Koders.com is a search engine that searches a large library of open source code. It's also a product you can purchase and point at your own codebase, but it's the easy access to all manner of reusable code, in just about any language, that has my beanie propellor whirling.
You can rather quickly find out how other developers have used method X in a given API, for instance. Seeing .NET examples in use in the wild is a much more potent educational tool than than the skeletal examples on MSDN, personally speaking.
You can also look for working examples of a concept. How have others approached solving problem Y? A browse through the relevant search results can show you real code being used in real life. Because honestly, if you are faced with a tough nut to crack, chances are someone else has already cracked it.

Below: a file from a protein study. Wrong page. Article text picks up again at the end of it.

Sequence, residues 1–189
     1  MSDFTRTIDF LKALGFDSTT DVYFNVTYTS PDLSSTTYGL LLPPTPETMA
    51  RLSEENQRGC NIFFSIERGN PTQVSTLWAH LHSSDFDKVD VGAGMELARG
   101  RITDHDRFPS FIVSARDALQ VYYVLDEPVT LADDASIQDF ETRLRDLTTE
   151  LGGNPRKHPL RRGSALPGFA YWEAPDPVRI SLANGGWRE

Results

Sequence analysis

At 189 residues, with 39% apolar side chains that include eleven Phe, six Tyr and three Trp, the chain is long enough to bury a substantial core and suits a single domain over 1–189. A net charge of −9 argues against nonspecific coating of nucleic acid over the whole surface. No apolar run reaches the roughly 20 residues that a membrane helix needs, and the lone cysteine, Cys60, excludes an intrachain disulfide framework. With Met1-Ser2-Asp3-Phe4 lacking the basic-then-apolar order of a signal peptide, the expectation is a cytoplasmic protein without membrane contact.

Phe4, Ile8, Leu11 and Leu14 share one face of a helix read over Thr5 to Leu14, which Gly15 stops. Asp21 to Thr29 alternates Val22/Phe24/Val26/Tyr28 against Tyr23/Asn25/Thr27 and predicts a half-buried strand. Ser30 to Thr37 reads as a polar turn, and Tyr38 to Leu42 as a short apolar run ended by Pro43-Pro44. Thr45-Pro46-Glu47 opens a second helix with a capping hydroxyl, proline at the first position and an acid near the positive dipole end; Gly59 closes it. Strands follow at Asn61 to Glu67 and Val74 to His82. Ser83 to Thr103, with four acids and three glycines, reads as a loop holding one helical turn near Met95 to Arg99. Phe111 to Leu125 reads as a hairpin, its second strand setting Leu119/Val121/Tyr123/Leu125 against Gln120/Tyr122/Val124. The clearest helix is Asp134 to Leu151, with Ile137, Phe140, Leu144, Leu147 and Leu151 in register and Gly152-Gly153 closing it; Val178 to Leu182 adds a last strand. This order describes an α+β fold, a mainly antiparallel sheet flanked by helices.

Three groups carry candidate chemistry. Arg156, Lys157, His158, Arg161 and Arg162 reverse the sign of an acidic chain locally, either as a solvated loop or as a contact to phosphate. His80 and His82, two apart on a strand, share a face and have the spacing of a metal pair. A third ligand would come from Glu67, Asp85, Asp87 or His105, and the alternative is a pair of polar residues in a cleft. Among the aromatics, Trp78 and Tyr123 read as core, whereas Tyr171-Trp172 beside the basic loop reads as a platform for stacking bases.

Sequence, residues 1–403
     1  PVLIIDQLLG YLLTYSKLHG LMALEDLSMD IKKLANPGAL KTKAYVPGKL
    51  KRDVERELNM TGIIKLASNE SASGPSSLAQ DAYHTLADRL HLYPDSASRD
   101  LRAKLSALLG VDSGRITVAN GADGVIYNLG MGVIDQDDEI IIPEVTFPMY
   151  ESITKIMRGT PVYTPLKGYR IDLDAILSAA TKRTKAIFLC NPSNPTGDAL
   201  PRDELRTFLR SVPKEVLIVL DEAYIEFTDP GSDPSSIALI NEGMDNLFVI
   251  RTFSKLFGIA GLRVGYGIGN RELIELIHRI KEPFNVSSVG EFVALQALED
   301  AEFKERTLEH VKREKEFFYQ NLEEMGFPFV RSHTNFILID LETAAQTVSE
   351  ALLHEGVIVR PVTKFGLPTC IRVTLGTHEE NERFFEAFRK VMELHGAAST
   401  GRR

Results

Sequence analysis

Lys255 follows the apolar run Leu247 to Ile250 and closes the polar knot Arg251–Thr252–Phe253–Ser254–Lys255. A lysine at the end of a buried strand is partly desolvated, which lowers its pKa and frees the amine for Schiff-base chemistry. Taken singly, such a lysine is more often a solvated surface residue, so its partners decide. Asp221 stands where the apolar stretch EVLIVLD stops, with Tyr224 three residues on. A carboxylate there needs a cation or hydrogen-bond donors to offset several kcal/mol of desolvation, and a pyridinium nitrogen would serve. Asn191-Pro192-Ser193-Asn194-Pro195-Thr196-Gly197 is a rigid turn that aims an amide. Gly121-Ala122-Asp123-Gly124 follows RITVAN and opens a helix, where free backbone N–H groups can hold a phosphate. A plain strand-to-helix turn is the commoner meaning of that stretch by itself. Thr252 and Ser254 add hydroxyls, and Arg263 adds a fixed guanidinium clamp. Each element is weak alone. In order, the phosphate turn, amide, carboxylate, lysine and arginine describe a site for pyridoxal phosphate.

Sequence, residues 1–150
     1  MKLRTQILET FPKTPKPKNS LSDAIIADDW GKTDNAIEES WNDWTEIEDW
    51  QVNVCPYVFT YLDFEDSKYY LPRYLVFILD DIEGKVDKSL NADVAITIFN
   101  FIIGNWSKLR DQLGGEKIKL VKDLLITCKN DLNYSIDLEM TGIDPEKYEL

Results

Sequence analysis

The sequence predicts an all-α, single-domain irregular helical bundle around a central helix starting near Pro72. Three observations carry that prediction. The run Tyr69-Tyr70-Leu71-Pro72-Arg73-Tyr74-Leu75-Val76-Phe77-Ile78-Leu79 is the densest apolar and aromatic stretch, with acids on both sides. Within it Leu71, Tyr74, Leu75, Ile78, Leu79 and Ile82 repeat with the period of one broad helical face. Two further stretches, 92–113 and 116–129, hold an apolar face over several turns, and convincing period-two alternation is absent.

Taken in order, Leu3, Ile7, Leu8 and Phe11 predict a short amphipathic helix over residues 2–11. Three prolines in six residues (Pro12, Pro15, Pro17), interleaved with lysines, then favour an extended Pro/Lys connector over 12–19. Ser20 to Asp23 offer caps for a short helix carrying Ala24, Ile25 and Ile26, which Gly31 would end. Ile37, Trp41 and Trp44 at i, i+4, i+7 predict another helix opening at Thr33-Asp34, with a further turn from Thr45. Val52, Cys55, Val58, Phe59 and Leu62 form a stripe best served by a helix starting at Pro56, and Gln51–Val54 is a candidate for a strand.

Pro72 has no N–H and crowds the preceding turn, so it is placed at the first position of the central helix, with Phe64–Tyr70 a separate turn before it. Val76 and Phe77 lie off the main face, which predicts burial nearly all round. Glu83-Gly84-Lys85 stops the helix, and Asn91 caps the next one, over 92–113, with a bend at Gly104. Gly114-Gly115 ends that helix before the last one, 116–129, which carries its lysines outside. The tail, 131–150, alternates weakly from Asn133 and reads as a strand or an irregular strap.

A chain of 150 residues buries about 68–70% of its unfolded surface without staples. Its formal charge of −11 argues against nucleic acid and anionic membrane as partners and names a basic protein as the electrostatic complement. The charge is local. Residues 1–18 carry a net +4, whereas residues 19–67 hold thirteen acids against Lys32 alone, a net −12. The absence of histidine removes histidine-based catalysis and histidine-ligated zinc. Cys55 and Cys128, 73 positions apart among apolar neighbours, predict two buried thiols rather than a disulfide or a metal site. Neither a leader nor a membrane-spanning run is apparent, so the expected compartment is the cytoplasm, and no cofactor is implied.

It gets better, because not only can you learn from your research, you can pick it up and use it wholesale. Or at the least, adapt the solution to your specific needs.
So the ability to search for code is, alone and all by itself, very useful. But you can you also browse through entire software projects! Holy crap. I spent some time just grazing:
- DotNetNuke, an open source web application portal framework.
- Subsonic Project, a toolset that helps a website build itself
Koders also provides a Firefox search engine plug-in, and a Visual Studio plug-in: Koders Plug-Ins. I am cozying up to both.